I spent a whole summer making my way through Ulysses, and still had to read the Cliff’s notes to figure out what the heck was going on….but the idea of turning books in to pie charts makes me pretty happy:
Well, it’s a gloomy weekend here, but luckily I have a good book to curl up with, thanks to my fabulous younger brother. I’ve mentioned Nate Silver’s 538 blog as one of my favorites for breaking down election/political statistics, and it turns out he has a new book out. Before I could figure out if I wanted to buy it or not, it showed up at my door, courtesy of Amazon.com and my brother Tim. Review to follow I’m sure.
Next, I set up a new email address for this blog, in case any of my wonderful readers should stumble across any studies you think would work well on this site. My time has been a bit crunched post-baby, so I’d appreciate any interesting articles to spur more posting. If you see one, feel free to send it to baddatabad at gmail dot com (or hit the email me button on my profile).
That’s it for now, have a lovely weekend!
Well, I made it through the first work “week”, though not without getting on the wrong commuter rail on the way home and winding up quite a few miles away from anywhere familiar. Did I mention I then got threatened by a 14 year old who seemed to think I was mildly out of line for being at the train stop when she wanted to smoke pot there with her friends? Because I did. Sigh*.
Given all that, this chart from the Economist seemed appropriate.
I like this graphic because it juxtaposes two interesting things….average wages and the price of alcohol. I had no idea the Brits and Aussie’s were paying so much for their booze, but it’s interesting to see how well the developed world still comes out in this.
I did have to wonder whether this was average beer prices or lowest cost beer, and for what region. I actually am allergic to beer, so I’m not sure if that $1.80 for 500 mL (17 oz or so) is accurate or common. Seemed a bit low to me, but it’s likely because it’s part of a retail price for a six pack, not the bar prices I’ve seen.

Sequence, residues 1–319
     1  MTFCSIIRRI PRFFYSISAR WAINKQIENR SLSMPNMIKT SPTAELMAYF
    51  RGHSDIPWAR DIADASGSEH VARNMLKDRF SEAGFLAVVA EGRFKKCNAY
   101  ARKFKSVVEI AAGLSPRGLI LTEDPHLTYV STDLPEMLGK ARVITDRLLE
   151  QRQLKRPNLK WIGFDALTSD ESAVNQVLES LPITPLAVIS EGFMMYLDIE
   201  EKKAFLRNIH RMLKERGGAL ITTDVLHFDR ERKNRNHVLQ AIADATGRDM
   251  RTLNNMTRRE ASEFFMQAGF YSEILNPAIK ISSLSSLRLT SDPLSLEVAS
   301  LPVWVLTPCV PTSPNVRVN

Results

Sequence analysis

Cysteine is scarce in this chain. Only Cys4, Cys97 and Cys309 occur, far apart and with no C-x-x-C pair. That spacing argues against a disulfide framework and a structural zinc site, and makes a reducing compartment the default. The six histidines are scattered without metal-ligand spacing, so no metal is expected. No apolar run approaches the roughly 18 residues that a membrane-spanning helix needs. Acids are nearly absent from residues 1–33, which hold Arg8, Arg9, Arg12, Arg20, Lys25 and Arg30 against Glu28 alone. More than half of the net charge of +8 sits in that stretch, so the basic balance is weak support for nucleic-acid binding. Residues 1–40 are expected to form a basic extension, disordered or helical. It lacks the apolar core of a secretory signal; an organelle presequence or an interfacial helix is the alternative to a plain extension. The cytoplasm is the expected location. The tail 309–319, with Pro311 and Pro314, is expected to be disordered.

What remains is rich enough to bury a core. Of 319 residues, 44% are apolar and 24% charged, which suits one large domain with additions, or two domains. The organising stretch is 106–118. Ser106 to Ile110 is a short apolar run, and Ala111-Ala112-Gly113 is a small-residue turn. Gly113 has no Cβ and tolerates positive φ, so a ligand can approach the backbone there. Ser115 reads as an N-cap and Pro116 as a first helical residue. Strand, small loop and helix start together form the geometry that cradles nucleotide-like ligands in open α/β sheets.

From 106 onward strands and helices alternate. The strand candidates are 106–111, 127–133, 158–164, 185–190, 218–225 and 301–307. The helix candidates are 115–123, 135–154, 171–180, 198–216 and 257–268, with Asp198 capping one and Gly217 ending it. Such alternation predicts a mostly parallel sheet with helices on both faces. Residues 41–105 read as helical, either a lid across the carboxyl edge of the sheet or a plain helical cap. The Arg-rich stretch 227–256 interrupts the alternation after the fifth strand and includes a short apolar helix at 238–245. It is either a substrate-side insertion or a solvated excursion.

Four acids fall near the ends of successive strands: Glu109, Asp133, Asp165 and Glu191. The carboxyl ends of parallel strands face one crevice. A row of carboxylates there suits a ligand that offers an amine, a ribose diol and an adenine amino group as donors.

Regardless, I was glad to see that if I needed to do some drinking, I’m apparently in the right country for it.
*In case you’re curious how I fared in this encounter with the Roslindale hooligans, the answer is strangely. I was pretty over the top upset about the train thing (it was unmarked with a broken PA system so I couldn’t even correct my mistake quickly as they weren’t announcing any stops). In my tired still post-partum hormonal state, I really couldn’t handle this child attempting to impress her friends, and ended up rolling my eyes at her and walking off with a “Fine, whatever”. I think she was genuinely surprised by that response, couldn’t think of a comeback and then I was gone. It occurred to me later that I had quite possibly just out teenagered a teenager.
Ultimately, my very sweet husband came and found me, which was quite nice of him.
“Statistical thinking will one day be as necessary for efficient citizenship as the ability to read and write.” – H.G. Wells
A few good links from readers:
A good piece from the Assistant Village Idiot on zero points in graphs. Especially in an election year, I’ve been seeing a lot of these graphs with deceptive scales. Axes matter.
From Dubbahdee, a link entitled “The Most Dishonest thing Fox News Has Ever Done“. I can’t say I watch Fox news (or any other network for that matter), but I’ll agree this was pretty darn deceptive. In an attempt to show the worsening economy, they reported the official unemployment rate from 2009 with the “real’ unemployment rate from 2012…making it look like unemployment had doubled in the last three years. Aren’t there enough real problems going on to keep them busy?
From my dear brother, Scientific America’s piece on the political candidates view on science/science policy. Disgustingly full of rhetoric, but interesting nevertheless.
Apparently this is from 1939